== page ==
Shubh Mangal Saavdhan, directed by R.S. Prasanna and presented by Aanand L. Rai, is the second Hindi film starring Ayushmann Khurrana and Bhumi Pednekar. It is a remake of Prasanna’s 2013 Tamil comedy, Kalyana Samayal Saadham. The Shubh Mangal Saavdhan trailer dropped last week, and from what we’ve seen, it is the movie you cannot miss out on this year.
Shades of Vicky Donor
The trailer, at first glance, is as quirky and unorthodox as Khurrana’s 2012 debut, Vicky Donor. Shoojit Sircar’s film broke glass ceilings for the kind of stories our filmmakers could tell. There, Khurrana had played a Punjabi sperm donor under the tutelage of Annu Kapoor. The film pivoted on the amusing culture gap as well as the mildly informative narrative on the taboos associated with a largely misunderstood and red-faced ‘profession’.
Shubh Mangal Saavdhan
Here, too, the movie talks about a ‘condition’ that is traditionally treated as embarrassing and discussed only in whispery tones behind closed doors. Mudit Sharma (Khurrana) is a shy, under-confident and suppressed young man – this is demonstrated by the first few shots of the trailer. Meanwhile, Sugandha (Pednekar) is frustrated about how he has chased her without making a move for so long. His un-blossoming personality traits can rightfully be connected to the condition he discovers he has when they try to have sex after getting engaged – erectile dysfunction. We see shots of an empty tap as well as those of a biscuit dropping into a cup of tea – all visual innuendos to depict something that is banned to speak about in conservative households. Even terms like ‘sex clinics’ are mocked and frowned upon these days – which is why this seems like a timely comedy to lighten up desi attitudes.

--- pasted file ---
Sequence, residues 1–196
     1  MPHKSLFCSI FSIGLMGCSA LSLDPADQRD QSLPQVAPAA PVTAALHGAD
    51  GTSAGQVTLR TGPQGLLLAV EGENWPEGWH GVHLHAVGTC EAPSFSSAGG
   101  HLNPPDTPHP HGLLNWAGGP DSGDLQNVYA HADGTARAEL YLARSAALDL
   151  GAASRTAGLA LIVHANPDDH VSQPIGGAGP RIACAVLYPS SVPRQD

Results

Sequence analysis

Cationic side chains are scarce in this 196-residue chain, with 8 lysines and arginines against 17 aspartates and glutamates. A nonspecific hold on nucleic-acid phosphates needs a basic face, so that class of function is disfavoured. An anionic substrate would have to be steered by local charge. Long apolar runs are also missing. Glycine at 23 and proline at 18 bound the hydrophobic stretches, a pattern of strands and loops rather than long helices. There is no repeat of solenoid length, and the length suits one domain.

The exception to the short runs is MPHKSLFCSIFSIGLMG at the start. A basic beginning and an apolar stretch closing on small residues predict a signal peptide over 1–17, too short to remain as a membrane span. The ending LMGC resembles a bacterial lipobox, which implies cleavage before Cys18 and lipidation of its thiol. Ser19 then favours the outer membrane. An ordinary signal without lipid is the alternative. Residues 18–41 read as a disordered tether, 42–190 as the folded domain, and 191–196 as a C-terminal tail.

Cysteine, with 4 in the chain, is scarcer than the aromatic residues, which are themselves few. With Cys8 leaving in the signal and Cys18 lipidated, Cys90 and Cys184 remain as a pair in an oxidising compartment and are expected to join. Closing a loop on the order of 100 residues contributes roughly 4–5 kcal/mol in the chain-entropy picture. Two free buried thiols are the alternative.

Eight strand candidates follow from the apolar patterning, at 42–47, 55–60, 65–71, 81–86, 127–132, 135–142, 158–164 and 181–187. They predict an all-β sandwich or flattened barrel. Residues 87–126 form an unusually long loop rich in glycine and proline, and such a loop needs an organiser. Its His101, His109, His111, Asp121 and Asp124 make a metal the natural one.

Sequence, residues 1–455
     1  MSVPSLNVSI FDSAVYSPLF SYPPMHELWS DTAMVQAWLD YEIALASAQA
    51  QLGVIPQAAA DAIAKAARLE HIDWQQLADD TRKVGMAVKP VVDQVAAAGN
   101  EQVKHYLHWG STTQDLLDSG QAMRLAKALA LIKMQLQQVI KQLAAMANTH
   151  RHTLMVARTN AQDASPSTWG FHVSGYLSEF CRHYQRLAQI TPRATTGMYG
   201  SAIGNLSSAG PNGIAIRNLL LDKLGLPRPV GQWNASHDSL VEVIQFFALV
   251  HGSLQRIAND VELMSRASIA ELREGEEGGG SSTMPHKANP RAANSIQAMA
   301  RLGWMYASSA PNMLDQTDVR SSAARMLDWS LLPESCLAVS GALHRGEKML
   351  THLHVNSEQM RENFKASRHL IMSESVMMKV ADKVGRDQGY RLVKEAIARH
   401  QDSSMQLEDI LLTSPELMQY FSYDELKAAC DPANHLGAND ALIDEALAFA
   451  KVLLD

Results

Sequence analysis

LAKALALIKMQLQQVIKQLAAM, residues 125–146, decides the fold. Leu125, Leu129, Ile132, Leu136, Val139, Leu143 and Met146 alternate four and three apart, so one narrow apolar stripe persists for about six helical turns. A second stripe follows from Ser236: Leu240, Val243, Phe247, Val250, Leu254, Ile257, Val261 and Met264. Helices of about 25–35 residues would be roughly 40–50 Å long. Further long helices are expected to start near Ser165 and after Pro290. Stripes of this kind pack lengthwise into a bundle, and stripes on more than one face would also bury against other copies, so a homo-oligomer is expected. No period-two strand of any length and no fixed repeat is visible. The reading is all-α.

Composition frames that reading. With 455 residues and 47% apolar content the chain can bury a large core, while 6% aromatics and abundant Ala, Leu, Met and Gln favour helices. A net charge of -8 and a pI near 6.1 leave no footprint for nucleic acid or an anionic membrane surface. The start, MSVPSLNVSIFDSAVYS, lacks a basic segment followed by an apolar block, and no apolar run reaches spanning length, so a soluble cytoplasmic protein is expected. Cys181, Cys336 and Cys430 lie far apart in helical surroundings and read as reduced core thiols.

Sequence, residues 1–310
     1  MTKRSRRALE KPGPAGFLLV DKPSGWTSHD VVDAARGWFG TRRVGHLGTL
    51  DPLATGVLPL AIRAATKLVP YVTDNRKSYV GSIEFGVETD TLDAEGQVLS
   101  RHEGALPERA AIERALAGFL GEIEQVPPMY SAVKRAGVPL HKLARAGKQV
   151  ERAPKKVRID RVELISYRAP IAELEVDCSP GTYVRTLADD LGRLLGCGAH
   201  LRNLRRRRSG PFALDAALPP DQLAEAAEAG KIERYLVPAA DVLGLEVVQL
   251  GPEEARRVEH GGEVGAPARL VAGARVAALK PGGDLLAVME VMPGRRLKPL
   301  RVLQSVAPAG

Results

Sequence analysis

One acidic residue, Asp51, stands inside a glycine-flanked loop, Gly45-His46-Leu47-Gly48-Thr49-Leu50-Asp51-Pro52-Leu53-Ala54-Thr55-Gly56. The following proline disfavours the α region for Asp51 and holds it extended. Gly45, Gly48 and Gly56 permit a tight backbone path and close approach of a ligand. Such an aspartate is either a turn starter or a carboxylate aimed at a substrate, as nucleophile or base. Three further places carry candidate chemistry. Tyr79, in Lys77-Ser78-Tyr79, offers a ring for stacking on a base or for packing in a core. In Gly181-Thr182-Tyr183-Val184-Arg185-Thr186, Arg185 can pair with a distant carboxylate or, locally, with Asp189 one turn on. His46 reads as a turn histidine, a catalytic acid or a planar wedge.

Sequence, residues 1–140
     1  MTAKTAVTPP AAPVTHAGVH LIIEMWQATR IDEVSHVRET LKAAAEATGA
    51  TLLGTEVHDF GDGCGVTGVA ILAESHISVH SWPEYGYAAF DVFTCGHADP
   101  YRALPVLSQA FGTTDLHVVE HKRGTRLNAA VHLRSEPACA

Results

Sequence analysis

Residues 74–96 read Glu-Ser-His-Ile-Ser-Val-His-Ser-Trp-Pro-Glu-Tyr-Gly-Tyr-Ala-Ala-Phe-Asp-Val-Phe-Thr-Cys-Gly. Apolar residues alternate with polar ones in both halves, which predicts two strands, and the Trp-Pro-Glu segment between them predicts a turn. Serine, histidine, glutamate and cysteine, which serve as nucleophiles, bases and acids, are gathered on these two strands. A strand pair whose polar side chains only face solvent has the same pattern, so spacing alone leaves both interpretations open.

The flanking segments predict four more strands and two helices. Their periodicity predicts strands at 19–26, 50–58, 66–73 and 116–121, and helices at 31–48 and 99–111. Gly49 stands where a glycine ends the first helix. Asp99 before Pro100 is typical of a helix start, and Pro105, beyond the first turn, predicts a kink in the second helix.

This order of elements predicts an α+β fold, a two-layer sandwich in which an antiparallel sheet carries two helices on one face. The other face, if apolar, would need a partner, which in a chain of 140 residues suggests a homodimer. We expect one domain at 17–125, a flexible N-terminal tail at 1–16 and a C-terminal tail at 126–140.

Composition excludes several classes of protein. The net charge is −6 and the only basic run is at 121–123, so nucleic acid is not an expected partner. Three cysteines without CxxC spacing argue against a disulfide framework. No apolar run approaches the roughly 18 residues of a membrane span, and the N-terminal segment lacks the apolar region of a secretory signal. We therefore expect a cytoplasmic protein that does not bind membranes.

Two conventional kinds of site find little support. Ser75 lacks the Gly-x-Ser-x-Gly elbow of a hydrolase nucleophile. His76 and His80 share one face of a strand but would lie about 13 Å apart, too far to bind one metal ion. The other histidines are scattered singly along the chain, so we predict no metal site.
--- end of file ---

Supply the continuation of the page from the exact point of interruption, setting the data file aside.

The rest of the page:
Perhaps this is where the fun part of Shubh Mangal Saavdhan looks to be at. The two families involved take it upon themselves to solve this highly misunderstood problem. In fact, the trailer starts with Mudit and his disgusted potential father-in-law at a veterinary clinic, struggling to explain the issue. Amusingly, the father-in-law is more concerned about the pre-marital sex, rather than the looming issue, which he promises is a deal-breaker if Mudit can’t ‘solve’ it soon. It’s not often we get to see the older generation in films acknowledge sexual issues in the open. The writer has smartly pitched them as ignorant with the bandwidth to learn instead of letting their egos and izzat destroy their children. There will, therefore, be a lot of comedy concealed in the awkwardness of communication here. This is likely to be replaced by a hot-headed Mudit coming of age – in the most literal way possible.
This is Bhumi Pednekar’s third film, and her second consecutive release after this week’s Toilet: Ek Prem Katha. Her first, the delightful 1990s-themed family rom-com Dum Laga Ke Haisha, too, was with Ayushmann Khurrana. There she played an overweight small-town girl slated to be married to an idealistic and red-blooded video cassette shop owner. This will be Ayushmann Khurrana’s third film of 2017 after Meri Pyaari Bindu and the soon-to-be-released Bareilly Ki Barfi.
The film releases on September 1, 2017. Keep an eye out for the review on the BookMyShow blog.